We are Nebraska Medicine and UNMC. Our mission is to lead the world in transforming lives to create a healthy future for all individuals and communities through premier educational programs, innovative research and extraordinary patient care.

Bariatrics Center Earns Reaccreditation

The Bariatrics Center at Nebraska Medicine was recently awarded the Metabolic and Bariatric Surgery Accreditation and Quality Improvement Program (MBSAQIP) Center of Excellence.

“The MBSAQIP designation is an important program certification, because it shows our commitment to the care of the bariatric patient,” says Corrigan McBride, MD, Bariatrics Center medical director.

MBSAQIP works to advance safe, high-quality care for bariatric surgical patients through the accreditation of bariatric surgical centers. A bariatric surgical center achieves accreditation following a rigorous review process during which it proves that it can maintain certain physical resources, human resources and standards of practice. The hospital is reviewed every three years to ensure it has all the equipment, personnel and resources to care for patients.

“As part of the review process, we track all our patients for their quality outcomes,” says Dr. McBride. “The process shows our dedication to continuously improving the care of our bariatric surgery patients.”

Double-Lung Transplant Patient Brings Organ Donation Message to Corporate Cup

On a brisk Sunday morning in September, Eric Horpedahl woke early to do something he once thought was impossible – go for a two-mile walk. The 32-year-old joined more than 5,000 walkers and runners in Omaha for the city’s annual Fight for Air Corporate Cup event. The race marked a yet another milestone for Eric who underwent a double-lung transplant at Nebraska Medicine only eight months earlier.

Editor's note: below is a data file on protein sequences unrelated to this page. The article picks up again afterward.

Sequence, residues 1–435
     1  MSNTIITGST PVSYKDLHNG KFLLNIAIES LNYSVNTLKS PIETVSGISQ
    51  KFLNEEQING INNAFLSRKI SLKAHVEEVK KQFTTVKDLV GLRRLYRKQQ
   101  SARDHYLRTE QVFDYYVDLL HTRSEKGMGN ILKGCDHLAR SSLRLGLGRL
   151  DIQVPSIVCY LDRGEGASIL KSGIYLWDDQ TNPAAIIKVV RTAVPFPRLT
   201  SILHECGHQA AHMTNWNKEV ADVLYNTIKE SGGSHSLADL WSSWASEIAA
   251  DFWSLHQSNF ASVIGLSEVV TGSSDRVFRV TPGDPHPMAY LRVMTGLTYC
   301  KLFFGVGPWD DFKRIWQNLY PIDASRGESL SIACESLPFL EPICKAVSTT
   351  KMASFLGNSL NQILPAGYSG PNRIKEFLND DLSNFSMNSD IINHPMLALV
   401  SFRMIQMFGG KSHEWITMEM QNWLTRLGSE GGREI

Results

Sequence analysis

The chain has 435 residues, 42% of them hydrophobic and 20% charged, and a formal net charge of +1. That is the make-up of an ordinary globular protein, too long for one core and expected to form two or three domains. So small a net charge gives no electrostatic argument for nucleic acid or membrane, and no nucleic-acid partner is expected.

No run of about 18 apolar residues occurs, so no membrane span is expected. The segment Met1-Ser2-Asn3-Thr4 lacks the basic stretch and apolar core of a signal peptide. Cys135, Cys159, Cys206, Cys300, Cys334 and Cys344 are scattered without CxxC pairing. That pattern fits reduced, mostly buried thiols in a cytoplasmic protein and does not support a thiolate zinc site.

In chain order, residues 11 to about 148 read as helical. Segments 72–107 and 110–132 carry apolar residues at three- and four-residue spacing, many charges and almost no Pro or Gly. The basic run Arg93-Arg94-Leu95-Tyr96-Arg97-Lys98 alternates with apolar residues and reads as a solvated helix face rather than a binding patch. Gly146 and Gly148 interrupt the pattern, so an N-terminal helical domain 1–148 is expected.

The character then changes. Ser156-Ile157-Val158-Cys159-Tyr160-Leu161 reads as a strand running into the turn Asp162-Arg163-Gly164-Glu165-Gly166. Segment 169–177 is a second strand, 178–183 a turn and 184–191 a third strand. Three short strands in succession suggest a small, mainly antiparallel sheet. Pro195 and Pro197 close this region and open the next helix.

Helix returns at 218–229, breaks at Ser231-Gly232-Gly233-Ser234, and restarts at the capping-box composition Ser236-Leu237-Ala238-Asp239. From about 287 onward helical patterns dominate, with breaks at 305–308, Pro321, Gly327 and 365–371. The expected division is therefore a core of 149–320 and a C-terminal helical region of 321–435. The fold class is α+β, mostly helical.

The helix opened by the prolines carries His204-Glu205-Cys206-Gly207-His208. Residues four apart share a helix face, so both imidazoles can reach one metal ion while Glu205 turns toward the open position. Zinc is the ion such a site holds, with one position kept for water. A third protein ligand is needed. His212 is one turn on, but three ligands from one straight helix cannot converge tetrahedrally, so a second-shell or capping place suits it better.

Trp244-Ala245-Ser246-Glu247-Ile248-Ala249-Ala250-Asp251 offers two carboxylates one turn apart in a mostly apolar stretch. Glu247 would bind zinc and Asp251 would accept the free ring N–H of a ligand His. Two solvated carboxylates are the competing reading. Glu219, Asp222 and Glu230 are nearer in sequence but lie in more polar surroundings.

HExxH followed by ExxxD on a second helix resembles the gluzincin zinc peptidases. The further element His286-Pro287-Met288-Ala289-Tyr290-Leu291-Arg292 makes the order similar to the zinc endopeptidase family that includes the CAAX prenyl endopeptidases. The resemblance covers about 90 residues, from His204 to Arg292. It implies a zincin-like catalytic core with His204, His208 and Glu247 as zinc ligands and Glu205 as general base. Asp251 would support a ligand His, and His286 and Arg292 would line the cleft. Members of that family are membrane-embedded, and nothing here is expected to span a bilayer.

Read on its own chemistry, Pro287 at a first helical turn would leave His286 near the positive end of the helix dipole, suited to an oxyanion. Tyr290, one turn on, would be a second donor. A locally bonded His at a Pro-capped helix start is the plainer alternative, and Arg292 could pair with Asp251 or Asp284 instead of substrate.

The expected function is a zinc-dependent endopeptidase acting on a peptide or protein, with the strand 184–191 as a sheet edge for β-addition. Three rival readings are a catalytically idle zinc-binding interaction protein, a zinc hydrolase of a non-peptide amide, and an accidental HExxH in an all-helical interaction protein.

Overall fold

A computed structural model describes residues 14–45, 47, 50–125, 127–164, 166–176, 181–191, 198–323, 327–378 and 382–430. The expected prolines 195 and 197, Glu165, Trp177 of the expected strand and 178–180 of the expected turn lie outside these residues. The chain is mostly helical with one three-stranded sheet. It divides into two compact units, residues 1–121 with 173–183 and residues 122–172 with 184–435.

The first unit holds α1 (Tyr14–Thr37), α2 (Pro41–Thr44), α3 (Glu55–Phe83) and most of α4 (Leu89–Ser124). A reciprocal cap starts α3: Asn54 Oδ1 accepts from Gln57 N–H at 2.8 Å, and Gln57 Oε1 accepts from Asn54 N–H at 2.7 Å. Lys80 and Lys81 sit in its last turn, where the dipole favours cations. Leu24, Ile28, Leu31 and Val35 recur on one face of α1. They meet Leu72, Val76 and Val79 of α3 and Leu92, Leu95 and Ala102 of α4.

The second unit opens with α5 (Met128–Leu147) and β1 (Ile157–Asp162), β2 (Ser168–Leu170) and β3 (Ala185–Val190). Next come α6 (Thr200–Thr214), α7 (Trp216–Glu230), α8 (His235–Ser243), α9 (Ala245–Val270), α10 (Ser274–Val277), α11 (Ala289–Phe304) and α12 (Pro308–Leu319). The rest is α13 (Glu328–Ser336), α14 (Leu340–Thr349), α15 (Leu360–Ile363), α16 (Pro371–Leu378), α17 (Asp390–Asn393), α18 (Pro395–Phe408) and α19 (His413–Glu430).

Eric Horpedahl proudly displays his medal after finishing the Corporate Cup.

As a child, Eric was diagnosed with cystic fibrosis, an incurable disease that causes extensive lung and breathing problems. For most of his life, Eric was largely unaffected by his condition. But in July 2017, his health quickly began to decline. He found it difficult to walk even a few feet without struggling for air.

Eric traveled from his home in Sioux Falls, South Dakota, to Nebraska Medicine where he sought the help of Aleem Siddique, MBBS, and the lung transplant team. In January 2018, the team put Eric’s name on the transplant waiting list. A short three weeks later, a donor was found and Eric underwent surgery to receive two new lungs.

After being discharged from the hospital, Eric remained in Omaha to begin rehabilitation. He worked with physical therapists at Nebraska Medicine to rebuild his lung strength and improve his overall fitness. Once he was ready to go home, the physical therapists recommended that he continue an exercise program to keep his health in check.

And he listened. Eric joined a gym and began a new routine that now includes five workouts a week consisting of cardio and strength training. Eric says he wasn’t active before his lung transplant, but he has new motivation to go the gym.